In an early scene from Boys Don’t Cry, Brandon (Hilary Swank) is rollerskating with a girl he’s just met. She says he doesn’t seem like he’s from around here. Brandon asks her where it seems like he is from. She says, “someplace beautiful,” and it’s true. He is from somewhere beautiful: a simple and pure ideal of who he really is.
Based on a true story, Boys Don’t Cry takes place during the final weeks in the life of Teena Brandon, a young Nebraska woman who assumes a male identity and manages to exist for a short time as Brandon Teena. At a Lincoln bar, he meets John (Peter Sarsgaard), Tom (Brendan Sexton III), and Candace (Alicia Goranson), who take him to Falls City, the rural town where they live. There, Brandon meets Lana (Chloe Sevigny) and decides to stay. Unfortunately, history catches up and his true identity is revealed. Subsequently raped and murdered by Tom and John, the short life comes to a brutal end.
Teena Brandon didn’t simply want to be male, she pretty much thought of herself as a man. Conflict was not internal; it came from interacting with other people. Brandon was his own interpretation of the ideal male, whether he realized it or not. His appeal to Lana, and nearly every woman he came in contact with, is undeniable. Charming, attentive, thoughtful, he’s not like the men they’re used to. He’s not like anyone they’ve ever met.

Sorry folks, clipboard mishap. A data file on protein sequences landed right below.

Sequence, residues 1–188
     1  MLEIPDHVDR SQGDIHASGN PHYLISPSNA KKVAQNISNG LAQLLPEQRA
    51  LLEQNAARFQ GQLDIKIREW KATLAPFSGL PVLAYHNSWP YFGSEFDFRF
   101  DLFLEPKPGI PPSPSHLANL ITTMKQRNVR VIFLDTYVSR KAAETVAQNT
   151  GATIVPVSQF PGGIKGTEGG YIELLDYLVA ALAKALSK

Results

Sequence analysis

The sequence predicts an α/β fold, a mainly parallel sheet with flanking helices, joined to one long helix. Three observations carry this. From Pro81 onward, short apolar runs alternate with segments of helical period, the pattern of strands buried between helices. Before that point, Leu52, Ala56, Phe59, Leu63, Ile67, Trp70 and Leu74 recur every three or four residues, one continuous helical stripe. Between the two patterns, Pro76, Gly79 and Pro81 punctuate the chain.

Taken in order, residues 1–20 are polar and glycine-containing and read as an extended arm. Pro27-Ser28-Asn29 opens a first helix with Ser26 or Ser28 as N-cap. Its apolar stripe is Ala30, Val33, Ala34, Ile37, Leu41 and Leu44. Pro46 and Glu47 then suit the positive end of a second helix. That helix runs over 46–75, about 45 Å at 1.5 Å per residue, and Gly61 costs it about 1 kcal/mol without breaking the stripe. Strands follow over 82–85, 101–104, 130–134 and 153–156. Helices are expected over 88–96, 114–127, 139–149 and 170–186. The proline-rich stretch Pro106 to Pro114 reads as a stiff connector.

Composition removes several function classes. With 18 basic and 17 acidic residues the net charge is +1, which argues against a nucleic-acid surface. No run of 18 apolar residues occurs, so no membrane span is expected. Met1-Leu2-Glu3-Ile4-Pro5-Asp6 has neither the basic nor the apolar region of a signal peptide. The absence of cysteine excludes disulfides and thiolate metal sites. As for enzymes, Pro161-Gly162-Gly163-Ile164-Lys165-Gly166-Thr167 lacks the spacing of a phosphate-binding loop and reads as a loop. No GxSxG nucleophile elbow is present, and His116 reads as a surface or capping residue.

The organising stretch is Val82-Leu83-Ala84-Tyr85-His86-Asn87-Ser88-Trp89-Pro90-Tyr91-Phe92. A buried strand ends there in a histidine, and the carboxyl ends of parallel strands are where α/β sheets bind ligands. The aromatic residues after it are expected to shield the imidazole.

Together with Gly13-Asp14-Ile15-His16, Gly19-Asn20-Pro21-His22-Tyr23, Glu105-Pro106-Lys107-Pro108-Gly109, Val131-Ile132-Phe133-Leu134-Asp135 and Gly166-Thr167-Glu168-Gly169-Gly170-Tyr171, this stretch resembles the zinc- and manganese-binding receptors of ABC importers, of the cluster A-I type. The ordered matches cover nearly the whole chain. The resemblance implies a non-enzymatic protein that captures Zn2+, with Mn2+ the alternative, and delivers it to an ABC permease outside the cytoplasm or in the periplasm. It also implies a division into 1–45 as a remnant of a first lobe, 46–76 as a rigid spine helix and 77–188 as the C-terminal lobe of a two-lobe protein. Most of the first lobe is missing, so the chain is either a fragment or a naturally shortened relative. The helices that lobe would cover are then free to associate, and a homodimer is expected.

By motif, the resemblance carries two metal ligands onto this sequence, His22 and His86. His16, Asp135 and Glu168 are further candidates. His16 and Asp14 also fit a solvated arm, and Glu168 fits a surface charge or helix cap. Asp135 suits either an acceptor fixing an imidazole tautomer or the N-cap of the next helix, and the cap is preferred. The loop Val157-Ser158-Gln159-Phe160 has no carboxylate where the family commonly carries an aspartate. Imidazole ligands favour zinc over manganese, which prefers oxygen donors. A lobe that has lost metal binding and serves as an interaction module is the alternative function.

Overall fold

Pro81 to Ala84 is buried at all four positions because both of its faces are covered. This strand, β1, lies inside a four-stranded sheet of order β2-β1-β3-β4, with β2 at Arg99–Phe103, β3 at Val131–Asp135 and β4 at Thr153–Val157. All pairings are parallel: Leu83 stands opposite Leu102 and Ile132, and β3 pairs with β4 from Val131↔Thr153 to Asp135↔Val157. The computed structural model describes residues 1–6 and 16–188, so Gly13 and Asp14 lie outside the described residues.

Boys Don’t Cry is easily among the best movies of this year. Actually, I think it’s among the best of the decade. It immediately establishes first-time director Kimberly Peirce as an honest and powerful talent. This film is so expertly assembled that I almost fear for everyone involved. How can they possibly follow up such an incredible piece of work? This film is straightforward, tragic, and extraordinary. Much of its power comes from the astonishing performance of Hilary Swank. She embodies Brandon’s conflicted identity with such perfection that it’s almost like watching a documentary. She offers the best female performance of the year.
Chloe Sevigny as Lana is also amazing. Lana is trying to break out of the smallness of Falls City and the smallness of the people around her. Sevigny has been good in movies before, but never as good as this. Jeanetta Arnette as Lana’s mom is frightening; she’s the trashy, partying, and not very nice matriarch of the gang. Peter Sarsgaard and Brendan Sexton III are excellent as the petty criminals who turn on Brandon. Lana’s mom, John, and Tom are everything that is ugly about human behavior.
This movie blew my mind. It speaks to the power of the medium unlike anything I’ve seen in a long time. Brandon’s human instinct to be himself and the brutal denial he faces in trying to do so will hopefully shock audiences into disbelief. The simple wish to live a life unburdened by expectation makes Brandon’s story universal. Boys Don’t Cry is a beautiful slap in the face.
+ David Kern